The Constitution of India under Article 47 directs the State 'to prohibit the consumption of intoxicating drinks and drugs which are injurious to health'. This directive principle of state policy is based on Gandhian ideology. When the Bihar government declared a ban on alcohol, it was met with praise by people who asserted that alcohol consumption is the reason behind domestic violence, depleted savings, deteriorating health and social discord.
According to a survey study by NIMHANS Bangalore, alcohol users had almost three times the rate of sleep problems, and twice the rate of presumptive heart problems and injuries than non-users. They also reported significantly greater rates of skin problems, jaundice, burning pain in the stomach, joint pains, chronic cough and fever suggestive of tuberculosis or chronic lung infections, and various gastro-intestinal problems. Heavy (and more frequent) drinking was associated with more frequent ill-health, especially accidents and injuries, chest pain and heart problems, and high blood pressure. Alcohol users were significantly more likely to suffer poorer psychological well being (an inability to enjoy activities, pain in the body, constant strain and losing sleep over worries). This may provide justification for policies like a ban on alcohol, but economists would argue differently.
It is said that prohibiting the sale of alcohol might be good for politics but not for economy. Elections are likely to spur more such policies. Let us set aside the uncertain social outcome of this ban and consider its likely economic effects.
In the figure below, Series 1 (blue) is the presumed situation before a ban, where supply, demand and price are in equilibrium. But in Series 2 (red), that is after a ban, the supply drops nearly to zero, demand remains same (or rises) and therefore, so does the price. Liquor becomes a luxury.
In any such situation, some individuals will be willing to pay more for alcohol, which will increase the rates of crime such as theft. Individual savings will also be at increased risk as they may be withdrawn to pay for overpriced alcohol.
Moreover, revenue generated from taxes on alcohol is used in various other state sponsored schemes, salaries to employees and for development purposes. It forms a substantial portion of most state governments' revenues. If this revenue is cut down, it will affect other dependent allocations. It is difficult to match the revenue generation of alcohol in the short run. There will also be some additional expenditure to implement the ban on sale of alcohol.
We also need to consider that some of these funds are redirected to rehabilitation centres and primary health facilities. As addicts will be directed to re-habilitation centers and if these are not equipped to serve the increased number of patients and their demands, the purpose of the alcohol ban will be partially defeated.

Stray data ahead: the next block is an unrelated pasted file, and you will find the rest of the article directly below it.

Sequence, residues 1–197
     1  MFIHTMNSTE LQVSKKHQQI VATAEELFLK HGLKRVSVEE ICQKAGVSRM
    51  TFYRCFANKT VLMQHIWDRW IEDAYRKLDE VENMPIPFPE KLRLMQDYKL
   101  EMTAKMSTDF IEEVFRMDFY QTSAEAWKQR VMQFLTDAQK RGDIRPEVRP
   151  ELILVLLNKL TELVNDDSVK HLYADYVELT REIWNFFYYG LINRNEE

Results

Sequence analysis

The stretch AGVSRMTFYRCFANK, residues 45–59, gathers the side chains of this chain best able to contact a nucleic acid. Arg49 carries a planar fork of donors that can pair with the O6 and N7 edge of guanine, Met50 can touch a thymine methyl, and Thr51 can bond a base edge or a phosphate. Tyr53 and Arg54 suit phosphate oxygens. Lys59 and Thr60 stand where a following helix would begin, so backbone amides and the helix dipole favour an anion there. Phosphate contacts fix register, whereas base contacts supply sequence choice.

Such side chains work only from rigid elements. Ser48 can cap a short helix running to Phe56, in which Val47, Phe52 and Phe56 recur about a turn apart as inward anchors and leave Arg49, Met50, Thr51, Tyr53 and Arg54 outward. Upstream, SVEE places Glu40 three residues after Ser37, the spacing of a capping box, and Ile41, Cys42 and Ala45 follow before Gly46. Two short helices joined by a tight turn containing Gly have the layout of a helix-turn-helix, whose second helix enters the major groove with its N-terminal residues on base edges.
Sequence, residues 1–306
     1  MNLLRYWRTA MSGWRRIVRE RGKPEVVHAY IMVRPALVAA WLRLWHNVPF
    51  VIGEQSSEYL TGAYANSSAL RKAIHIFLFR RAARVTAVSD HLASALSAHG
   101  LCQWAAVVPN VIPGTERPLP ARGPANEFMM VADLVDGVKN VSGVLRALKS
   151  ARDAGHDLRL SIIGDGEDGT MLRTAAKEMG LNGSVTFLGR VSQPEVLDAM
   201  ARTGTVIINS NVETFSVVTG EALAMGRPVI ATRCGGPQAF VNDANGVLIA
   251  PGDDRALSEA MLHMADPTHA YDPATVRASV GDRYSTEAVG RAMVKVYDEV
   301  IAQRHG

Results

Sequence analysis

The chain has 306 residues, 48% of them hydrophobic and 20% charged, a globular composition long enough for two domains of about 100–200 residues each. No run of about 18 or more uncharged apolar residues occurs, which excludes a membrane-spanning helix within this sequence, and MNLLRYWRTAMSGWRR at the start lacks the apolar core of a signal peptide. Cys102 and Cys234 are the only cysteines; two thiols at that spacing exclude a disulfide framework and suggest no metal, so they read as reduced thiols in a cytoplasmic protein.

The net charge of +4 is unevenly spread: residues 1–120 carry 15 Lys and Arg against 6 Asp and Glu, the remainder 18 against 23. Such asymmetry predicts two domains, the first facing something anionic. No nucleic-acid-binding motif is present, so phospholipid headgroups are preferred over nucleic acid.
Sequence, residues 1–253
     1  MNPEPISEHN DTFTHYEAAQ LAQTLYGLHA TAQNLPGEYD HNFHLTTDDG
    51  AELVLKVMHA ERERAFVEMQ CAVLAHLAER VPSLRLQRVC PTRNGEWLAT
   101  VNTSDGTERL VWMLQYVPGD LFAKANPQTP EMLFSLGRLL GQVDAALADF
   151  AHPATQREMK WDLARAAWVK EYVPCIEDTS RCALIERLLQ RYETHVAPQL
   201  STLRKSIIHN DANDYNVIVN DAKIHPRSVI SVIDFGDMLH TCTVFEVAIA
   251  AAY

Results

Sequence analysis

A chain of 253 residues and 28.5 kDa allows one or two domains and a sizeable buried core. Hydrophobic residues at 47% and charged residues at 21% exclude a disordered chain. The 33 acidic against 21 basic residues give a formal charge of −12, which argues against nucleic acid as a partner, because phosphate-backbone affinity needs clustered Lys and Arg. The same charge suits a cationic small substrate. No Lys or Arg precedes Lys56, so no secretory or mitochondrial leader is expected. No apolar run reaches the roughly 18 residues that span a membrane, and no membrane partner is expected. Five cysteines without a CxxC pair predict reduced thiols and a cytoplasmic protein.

Such bans result in a major loss for the state exchequer but huge benefits for neighbouring states that have not banned the sale of alcohol. Any state that bans alcohol will need the cooperation of neighbouring states, which is unlikely to happen as they will develop a vested interest. It is easy to imagine a proliferation of liquor shops on state borders, and an increase in bootlegging and consumption of locally brewed alcohol, which can be unsafe. Also a shift to low grade alternatives like cough syrups or phenyl which can be lethal. Increase in substance abuse was reported to rose 30%. There will also be a loss of employment across sectors and a severe hit to hospitability sectors in the state.
Policymakers should learn lessons from the Glasgow story. The Forbes Mackenzie Act (1853), which closed Scotland's pubs at 11pm on weekdays and all day on Sundays, gave rise to a wave of bootlegging; within a decade the slums of Glasgow were honeycombed with shebeens, or illegal drinking dens selling cheap, adulterated and often dangerous alcohol, which eventually led to a repeal of the act (Mehra, 2018). Many states in India also repealed similar bans after a short while, like Andhra Pradesh, Mizoram and Haryana.
Banning the sale of alcohol is not a solution to social problems, nor is it a rational economic decision. No country or state has ever taken off and managed to create an innovative and entrepreneurial population with poor government revenue and expenditure (Kumar 2016).
Policies like providing water for free and prohibiting alcohol do not stand the test of time. Election manifestos need to take bold steps but that can only come from informed citizens, and informed policymaking.
- Hubert Savenije and Pieter van der Zaag, Water as an Economic Good and Demand Management Paradigms with Pitfalls, International Water Resources Association Water International, Volume 27, Number 1, Pages 98-104, March 2002
- Una Mullally, Why we should pay for water, The Irish Times, 2014
- Image- C.J.Perry, MichaelRock, and D.Seckler, ResearchReport14 Water as an Economic Good: A Solution, or a Problem?, International Irrigation Management Institute
- Irish times
- Surjit S Bhalla, Prasanthi Ramakrishnan |